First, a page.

The one thing you need to know is when the window AC refrigerant lines are recharged (completely full). There might be some variation between different types of refrigerant lines, producers, and Freon type but most commonly you are recommended to stop the Freon input when the pressure on the gauge reaches 70 psi.

When you reach 70 psi, the window AC units have been fully recharged. Job well done!

Remove everything: The gauges, Freon, and remove all the tubing.

The last step is to make you close the new valve you’ve installed. When you remove the blue tube, just keep in mind to close that valve, and you have successfully put the Freon in the window AC unit.

I Can’t DIY This: Who Do I Call?

This is the basic 10 step way how to put Freon in the window AC unit. Hopefully, everybody with a bit of technical skills can use it to recharge a window air conditioner on their own.

However, the task of diagnosing, finding, and fixing the leak, and putting Freon in the big refrigerant line is quite daunting and it’s completely understandable that most people would prefer help from a professional.

Do keep in mind that while you can add Freon to a window AC yourself, EPA requires that everybody you hire to do it for you, has to have proper HVAC certification to recharge the unit.

All in all, you can DIY add Freon to a window AC unit using this 10 step-by-step guide. Hope this helps.

14 thoughts on “How To Recharge A Window AC Unit? (10-Step Freon Refill)”

  1. There are two methods for recharging a window air conditioner, the low-cost backyard quick method used by many homeowners, or the HVAC tech method which is more involved but recommended.

  2. Make sure you have worn the gloves as well as the protective eyeglasses before you proceed. Freon, the refrigerant that you’ll be refilling, is toxic. It is also cryogenic and can cause frostbite if you allow it to come into contact with raw skin. So please take all the necessary precautions that you can.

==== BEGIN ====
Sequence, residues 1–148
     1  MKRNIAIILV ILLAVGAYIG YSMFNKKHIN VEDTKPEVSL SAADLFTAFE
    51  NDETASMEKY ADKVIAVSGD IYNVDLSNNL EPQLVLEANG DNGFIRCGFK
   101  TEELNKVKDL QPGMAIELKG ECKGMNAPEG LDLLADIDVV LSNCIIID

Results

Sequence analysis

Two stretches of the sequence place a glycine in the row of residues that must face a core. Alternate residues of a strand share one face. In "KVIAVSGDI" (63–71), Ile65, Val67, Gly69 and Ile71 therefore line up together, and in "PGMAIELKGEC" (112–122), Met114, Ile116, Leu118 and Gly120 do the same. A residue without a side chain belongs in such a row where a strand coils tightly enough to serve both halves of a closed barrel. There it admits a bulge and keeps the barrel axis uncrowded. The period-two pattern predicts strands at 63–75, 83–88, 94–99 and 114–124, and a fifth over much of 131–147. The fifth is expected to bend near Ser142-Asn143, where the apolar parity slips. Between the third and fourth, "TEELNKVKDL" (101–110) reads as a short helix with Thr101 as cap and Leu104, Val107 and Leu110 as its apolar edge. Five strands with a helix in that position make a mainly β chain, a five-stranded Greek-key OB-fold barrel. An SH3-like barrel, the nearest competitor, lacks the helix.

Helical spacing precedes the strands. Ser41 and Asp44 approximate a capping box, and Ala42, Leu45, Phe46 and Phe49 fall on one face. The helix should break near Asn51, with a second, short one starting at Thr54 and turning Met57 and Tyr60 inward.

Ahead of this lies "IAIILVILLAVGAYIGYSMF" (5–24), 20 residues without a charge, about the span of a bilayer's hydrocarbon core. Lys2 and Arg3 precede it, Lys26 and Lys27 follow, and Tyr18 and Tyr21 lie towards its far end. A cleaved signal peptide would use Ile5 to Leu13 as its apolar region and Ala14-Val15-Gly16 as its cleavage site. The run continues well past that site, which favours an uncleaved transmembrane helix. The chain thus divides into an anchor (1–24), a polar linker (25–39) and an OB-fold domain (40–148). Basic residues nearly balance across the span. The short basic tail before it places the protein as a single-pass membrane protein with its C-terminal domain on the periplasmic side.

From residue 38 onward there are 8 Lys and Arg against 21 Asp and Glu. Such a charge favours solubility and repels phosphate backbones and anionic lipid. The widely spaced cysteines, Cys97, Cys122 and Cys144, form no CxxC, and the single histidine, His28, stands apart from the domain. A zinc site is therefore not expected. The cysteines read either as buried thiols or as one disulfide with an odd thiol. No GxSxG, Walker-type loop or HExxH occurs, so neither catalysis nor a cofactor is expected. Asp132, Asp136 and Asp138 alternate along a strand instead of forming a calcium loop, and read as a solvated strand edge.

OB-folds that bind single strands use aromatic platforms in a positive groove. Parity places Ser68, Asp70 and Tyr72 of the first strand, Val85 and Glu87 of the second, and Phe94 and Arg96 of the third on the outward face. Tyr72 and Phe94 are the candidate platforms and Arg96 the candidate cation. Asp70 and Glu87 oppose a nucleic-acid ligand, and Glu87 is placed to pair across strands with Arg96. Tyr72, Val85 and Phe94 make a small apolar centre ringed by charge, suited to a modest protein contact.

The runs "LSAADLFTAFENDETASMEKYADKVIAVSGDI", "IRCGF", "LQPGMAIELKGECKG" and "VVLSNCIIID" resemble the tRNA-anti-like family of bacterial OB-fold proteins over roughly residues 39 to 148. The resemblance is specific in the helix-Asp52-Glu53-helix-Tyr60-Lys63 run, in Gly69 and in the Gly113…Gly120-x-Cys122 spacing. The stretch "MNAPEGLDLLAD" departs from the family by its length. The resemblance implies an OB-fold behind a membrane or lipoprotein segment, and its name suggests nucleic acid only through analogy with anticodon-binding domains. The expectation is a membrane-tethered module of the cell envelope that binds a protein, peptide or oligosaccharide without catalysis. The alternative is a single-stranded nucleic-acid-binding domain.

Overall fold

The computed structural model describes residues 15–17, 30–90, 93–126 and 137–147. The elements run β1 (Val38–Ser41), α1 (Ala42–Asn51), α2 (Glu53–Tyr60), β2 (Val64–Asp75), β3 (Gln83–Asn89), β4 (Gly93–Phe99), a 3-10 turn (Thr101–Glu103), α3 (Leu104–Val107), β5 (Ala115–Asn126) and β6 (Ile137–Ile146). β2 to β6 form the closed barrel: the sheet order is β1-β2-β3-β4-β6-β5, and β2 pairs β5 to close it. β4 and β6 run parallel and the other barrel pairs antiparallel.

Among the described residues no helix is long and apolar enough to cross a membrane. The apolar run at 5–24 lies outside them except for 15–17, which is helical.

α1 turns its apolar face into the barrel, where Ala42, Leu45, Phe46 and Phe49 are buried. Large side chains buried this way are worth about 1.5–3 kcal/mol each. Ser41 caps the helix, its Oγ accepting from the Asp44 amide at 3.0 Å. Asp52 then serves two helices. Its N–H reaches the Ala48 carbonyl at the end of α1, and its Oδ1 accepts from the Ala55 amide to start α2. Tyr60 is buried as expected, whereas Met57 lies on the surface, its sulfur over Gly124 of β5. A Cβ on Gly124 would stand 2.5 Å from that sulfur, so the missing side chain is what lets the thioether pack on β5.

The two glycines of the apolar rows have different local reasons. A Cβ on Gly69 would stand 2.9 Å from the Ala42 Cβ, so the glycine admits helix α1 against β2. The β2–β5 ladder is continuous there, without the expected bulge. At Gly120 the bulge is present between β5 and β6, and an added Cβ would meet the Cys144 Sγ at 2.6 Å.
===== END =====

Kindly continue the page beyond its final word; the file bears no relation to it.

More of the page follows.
3. Hi there – I’m not quite sure I understand the temperature measurement test.

    If my air conditioner is working correctly, I *expect* the air flow from the air conditioner to roughly match the room temperature, because that’s why I turn the air conditioner on – to cool my room. So the temperature test of “less than 10 degrees Fahrenheit” indicating a major air condition problem doesn’t make sense to me – why should I expect it to be any other way?

    Similarly, if the air conditioner isn’t working – why would I expect the air flow to be a different temperature from the room temperature either? An air conditioner blowing hot air will be the same hot air in my room as well.

    I don’t understand.


    • Hello James, a very good point. The ‘room temperature’ refers to the temperature without any air conditioning. 72°F is commonly referred to as room temperature but in summer months, this number can go past 80°F. You’re right, it’s not absolutely clear from the text.